Along with this inconvenient fact, Al Jazeera reported that the US plans to seal a $2 billion dollar deal to flood the Middle East with private investment. Apart from the military force that has destroyed many communities in the Arab world, this economic move will likely have the same devastating effect on social structures as it has in many other places in the world by isolating the general population from the centers of decision making. For an example of this look no further than our Mexican neighbors who are still enduring the brutal legacy of so-called “free trade” agreements marketed under the banner of NAFTA.

Factors of this kind must be taken seriously if we aim to get a clear picture of what today’s speech means for peace in the Middle East. We should especially bear this in mind if the Likud Party proceeds with its plan to construct more illegal houses in illegal settlements. In this respect, I agree with Hamas spokesperson, Sami Abu Zuhri, who protested that “what Obama needs to do is not to add slogans.” Indeed, the suffering men, women, and children of Palestine deserve more than empty promises, and highfalutin rhetoric about “peace” and “democracy”. The Palestinian people deserve safe housing, clean water, medical care, decent wages, the right to defend themselves against arbitrary forms of violence, quality educational facilities, and many more of the rights that we continually trample upon.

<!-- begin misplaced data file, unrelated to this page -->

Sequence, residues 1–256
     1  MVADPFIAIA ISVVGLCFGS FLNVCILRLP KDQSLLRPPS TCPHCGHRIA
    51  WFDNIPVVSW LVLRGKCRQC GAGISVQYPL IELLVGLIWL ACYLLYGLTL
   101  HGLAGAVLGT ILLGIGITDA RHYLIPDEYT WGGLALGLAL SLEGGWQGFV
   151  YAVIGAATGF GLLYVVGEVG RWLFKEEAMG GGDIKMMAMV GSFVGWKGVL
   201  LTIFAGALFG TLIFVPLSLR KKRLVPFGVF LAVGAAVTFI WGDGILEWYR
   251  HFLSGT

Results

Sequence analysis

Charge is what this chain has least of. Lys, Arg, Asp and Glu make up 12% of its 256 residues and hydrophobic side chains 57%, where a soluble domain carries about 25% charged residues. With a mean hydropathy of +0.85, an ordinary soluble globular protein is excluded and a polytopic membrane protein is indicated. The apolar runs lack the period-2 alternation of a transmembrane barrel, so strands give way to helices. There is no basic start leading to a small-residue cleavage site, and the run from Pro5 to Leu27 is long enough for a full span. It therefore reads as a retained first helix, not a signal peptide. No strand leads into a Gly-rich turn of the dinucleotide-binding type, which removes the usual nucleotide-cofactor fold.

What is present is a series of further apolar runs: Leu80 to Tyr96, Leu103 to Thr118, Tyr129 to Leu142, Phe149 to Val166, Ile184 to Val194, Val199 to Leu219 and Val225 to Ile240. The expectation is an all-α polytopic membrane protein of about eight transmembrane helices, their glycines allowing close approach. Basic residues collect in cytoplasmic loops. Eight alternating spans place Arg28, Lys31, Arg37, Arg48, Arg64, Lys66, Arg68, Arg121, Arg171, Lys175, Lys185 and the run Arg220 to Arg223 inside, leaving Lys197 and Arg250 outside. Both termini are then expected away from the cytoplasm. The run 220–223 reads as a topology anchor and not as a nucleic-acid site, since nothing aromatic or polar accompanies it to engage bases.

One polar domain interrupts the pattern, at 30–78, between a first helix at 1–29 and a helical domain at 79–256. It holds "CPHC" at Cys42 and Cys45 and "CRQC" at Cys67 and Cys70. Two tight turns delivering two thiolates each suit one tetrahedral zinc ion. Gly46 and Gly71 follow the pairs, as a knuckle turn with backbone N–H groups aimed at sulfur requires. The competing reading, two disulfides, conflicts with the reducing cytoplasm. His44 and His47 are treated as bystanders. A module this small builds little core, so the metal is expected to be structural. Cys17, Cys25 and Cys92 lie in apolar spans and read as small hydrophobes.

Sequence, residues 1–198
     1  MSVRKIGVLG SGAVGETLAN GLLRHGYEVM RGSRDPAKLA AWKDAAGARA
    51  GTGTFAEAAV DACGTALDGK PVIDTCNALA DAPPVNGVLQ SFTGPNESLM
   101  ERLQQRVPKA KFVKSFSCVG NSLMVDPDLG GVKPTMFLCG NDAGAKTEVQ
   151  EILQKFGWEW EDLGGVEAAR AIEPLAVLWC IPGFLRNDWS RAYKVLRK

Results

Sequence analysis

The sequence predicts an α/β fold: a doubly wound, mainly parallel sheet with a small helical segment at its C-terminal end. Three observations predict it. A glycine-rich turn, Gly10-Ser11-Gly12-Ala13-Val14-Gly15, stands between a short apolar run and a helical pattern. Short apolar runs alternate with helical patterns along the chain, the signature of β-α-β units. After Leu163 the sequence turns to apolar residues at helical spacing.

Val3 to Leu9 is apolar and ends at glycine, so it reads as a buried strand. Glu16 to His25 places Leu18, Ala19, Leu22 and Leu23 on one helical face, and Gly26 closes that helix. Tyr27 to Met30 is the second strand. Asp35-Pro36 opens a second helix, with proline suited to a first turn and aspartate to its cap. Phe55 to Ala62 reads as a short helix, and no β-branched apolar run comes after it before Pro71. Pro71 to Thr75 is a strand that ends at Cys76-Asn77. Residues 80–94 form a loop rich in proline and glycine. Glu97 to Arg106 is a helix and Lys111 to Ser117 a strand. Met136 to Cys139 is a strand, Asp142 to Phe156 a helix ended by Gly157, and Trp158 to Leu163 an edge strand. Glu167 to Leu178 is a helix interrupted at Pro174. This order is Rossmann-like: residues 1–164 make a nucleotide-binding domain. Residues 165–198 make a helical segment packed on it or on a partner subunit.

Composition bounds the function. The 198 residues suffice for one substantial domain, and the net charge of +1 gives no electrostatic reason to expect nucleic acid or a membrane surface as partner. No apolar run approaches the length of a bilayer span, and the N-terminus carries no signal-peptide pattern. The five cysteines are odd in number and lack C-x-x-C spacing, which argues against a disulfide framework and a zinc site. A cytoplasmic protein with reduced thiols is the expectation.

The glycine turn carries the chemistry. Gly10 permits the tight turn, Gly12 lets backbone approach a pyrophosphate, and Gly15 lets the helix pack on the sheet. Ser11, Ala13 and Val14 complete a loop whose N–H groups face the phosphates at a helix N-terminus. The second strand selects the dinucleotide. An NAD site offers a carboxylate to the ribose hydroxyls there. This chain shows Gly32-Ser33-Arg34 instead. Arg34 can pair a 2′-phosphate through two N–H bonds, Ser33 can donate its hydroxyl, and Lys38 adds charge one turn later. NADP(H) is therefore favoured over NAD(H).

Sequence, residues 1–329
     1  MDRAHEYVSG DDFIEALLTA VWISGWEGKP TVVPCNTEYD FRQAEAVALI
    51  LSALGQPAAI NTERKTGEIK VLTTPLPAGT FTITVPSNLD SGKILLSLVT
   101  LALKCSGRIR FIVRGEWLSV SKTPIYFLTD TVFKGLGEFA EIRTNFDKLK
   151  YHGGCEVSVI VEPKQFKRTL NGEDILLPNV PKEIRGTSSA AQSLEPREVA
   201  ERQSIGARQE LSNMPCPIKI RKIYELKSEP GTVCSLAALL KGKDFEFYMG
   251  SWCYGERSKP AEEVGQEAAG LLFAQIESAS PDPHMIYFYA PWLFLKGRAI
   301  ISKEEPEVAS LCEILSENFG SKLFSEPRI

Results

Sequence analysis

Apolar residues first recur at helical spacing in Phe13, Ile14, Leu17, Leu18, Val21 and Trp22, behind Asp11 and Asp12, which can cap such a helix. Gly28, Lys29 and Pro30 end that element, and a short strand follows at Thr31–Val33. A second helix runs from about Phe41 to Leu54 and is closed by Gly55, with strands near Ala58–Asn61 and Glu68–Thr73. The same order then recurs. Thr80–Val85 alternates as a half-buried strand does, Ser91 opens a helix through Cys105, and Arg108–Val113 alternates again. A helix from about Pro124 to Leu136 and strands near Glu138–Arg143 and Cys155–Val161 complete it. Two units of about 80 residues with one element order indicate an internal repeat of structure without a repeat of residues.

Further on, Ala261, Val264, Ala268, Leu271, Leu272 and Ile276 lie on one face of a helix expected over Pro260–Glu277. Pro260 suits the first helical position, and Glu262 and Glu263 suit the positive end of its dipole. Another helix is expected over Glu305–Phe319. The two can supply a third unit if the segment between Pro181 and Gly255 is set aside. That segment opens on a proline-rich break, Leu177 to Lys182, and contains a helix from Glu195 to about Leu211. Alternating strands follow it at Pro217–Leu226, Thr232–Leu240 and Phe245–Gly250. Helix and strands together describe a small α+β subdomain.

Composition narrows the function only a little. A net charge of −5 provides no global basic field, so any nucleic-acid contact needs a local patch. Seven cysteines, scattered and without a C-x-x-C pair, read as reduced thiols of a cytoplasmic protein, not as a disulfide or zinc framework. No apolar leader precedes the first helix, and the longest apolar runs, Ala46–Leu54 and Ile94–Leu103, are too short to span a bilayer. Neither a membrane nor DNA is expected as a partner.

Following the Palestinian freedom struggle, I’ve noticed that the great Mohandas Gandhi has become a central figure and inspiration for many Palestinians fighting for self-determination. In the introduction to his classic autobiography Gandhi states that “the seeker after truth should be humbler than the dust.” Undoubtedly, we all–particularly those of us who head powerful empire states–must learn to become “humbler than the dust” because if we fail in this endeavor what will prevent this world from becoming just that, dust?


4 thoughts on “1, 550 Exceptions & Counting: Obama’s Middle East Speech as another Barrier to Peace

  1. I read parts of this and this sounded exactly like the joke where IMF tries to get away by raping a small island who it thought was third-world and obviously a ‘maid’ to first world countries :\

    If you ask me there are just too many uncertainties in the world and piling up anti-Islamic sentiment won’t cure anything.

    This is a more prolonged Holocaust ▬ the kind where the victims know not that they are in perpetual gas chambers and treading on with the invisible slave marks sorted out by smiling Nazis waiting to just see the macabre which they deem ‘good for all races’.

    1. How do you think there’s an anti-Islamic sentiment at work in the US-Israeli blocking of Palestinian self-determination? I never viewed it as this. Remember that the Egyptian dictatorship, an Islamic regime, was one of Israel’s main allies in the strangulation of Gaza. Furthermore, the US has long been a dedicated ally of Saudi Arabia in it’s repression of its people. These references to religion may have some value but as it relates to policy it’s more about stopping independent development in the form of nationalism not any religion. This “clash of civilizations” narrative is at best an ideological tool.